The pressure tubes in the CANDU power reactors
CIM Bulletin, Vol. 74, No. 831, 1981
C.E. ELLS and W. EVANS Atomic Energy of Canada Limited, Research Company, Chalk River Nuclear Laboratories, Chalk River, Ontario
Nuclear power reactors using zirconium alloy pressure tubes generate electricity in several countries. Such reactors are particularly important in Ontario, where CANDUs generate about 30% of the total electricity produced in the Province. Starting with the commitment of NPD-2 in 1956, the pressure tubes of the first five CANDU reactors were made of cold-worked Zircaloy-2, an alloy of Zr and Sn. This alloy was developed by the US Navy, but the decision to use it in a cold-worked condition was based on AECL work. In 1958, the USSR published information on a new alloy, Zr-2.5 wt% Nb. The Nb promotes stabilization of the β-phase in the material, thus presenting opportunities of exploiting metallurgically strong pressure tubes analogous to the heat-treatable α-β titanium alloys. After construction of two reactors using Zr-2.5 wt% Nb in a quenched and aged condition, an extensive development program on cold-worked Zr-2.5 wt% Nb pressure tubes resulted in them becoming the reference tubes for all CANDU reactors committed since 1966. Anticipating the future needs of the domestic and export markets, AECL have pressure tubes of Zr-3.3 wt% Sn-0.8 wt% Nb-0.8 wt% Mo (Excel) in an advanced state of development. These tubes will be used in an annealed condition; our projections show that they will have improved dimensional stability over the lifetime of the reactors. These improvements result from experimental programs leading to an understanding of the relationship between microstructures and fabrication variables and effects of the environment during service in nuclear reactors.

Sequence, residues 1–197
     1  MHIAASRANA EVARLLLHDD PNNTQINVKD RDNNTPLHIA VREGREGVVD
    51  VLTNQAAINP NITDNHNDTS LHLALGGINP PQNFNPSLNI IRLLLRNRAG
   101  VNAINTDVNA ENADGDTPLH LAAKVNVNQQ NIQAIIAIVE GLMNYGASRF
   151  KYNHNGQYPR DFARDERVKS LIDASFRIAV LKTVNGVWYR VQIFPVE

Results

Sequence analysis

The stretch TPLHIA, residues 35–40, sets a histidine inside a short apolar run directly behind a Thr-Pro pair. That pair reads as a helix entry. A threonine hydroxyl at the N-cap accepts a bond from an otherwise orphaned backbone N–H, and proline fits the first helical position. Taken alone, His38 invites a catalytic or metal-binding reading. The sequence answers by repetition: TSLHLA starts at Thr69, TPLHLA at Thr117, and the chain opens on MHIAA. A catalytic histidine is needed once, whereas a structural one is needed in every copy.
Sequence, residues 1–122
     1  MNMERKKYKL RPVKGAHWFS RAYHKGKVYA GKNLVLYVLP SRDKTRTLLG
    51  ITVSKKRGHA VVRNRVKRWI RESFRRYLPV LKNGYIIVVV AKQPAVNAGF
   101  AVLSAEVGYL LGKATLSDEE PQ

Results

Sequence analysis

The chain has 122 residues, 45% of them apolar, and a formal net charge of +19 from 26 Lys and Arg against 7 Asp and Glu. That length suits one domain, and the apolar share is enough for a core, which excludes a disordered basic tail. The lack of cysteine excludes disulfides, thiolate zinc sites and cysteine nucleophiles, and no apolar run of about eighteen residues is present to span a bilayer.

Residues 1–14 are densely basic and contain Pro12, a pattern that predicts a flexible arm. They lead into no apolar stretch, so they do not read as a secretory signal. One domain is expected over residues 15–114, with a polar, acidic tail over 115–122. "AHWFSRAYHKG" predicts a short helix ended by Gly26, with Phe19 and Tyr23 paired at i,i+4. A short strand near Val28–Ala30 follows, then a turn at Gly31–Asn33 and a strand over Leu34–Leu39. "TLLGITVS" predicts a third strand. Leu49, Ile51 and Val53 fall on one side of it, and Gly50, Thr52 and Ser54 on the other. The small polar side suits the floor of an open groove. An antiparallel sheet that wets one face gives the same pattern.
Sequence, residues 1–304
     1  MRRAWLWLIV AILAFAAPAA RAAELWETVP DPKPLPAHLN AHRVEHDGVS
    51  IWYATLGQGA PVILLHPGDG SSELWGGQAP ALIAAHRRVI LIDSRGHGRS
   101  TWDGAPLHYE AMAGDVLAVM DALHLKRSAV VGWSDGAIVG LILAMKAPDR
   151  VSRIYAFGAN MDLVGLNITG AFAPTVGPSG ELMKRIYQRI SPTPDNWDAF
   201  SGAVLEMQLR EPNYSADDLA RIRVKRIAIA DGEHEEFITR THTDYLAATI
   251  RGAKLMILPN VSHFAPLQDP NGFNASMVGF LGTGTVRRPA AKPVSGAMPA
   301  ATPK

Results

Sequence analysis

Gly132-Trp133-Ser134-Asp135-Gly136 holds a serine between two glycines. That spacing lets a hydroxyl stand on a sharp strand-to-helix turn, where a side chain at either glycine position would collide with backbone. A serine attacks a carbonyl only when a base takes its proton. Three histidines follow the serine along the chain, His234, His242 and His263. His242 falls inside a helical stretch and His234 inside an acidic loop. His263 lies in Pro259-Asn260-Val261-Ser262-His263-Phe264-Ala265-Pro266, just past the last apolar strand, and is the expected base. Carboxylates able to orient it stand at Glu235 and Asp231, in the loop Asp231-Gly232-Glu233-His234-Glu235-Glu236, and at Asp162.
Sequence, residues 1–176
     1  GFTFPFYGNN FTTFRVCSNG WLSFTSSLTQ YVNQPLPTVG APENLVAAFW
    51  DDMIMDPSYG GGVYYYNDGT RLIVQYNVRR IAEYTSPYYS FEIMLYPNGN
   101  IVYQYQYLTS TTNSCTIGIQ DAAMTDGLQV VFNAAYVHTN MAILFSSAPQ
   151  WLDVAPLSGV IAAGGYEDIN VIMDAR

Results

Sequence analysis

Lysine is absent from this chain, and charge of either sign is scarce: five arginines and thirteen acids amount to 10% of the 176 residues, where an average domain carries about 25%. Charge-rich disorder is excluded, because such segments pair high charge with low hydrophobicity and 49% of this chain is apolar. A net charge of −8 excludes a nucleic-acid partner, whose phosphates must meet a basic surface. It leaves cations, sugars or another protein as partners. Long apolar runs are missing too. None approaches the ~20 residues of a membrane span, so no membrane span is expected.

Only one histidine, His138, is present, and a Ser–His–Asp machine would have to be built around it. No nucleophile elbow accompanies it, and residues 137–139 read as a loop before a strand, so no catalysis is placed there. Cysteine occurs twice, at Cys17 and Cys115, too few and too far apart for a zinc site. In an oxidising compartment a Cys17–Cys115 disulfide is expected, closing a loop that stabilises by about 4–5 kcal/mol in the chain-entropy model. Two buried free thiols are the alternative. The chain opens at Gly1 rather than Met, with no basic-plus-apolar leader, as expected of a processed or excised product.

Technology, Metallurgical sciences, Pressure tubes, Reactors, CANDU reactor, Alloys, Zircaloy, Niobium.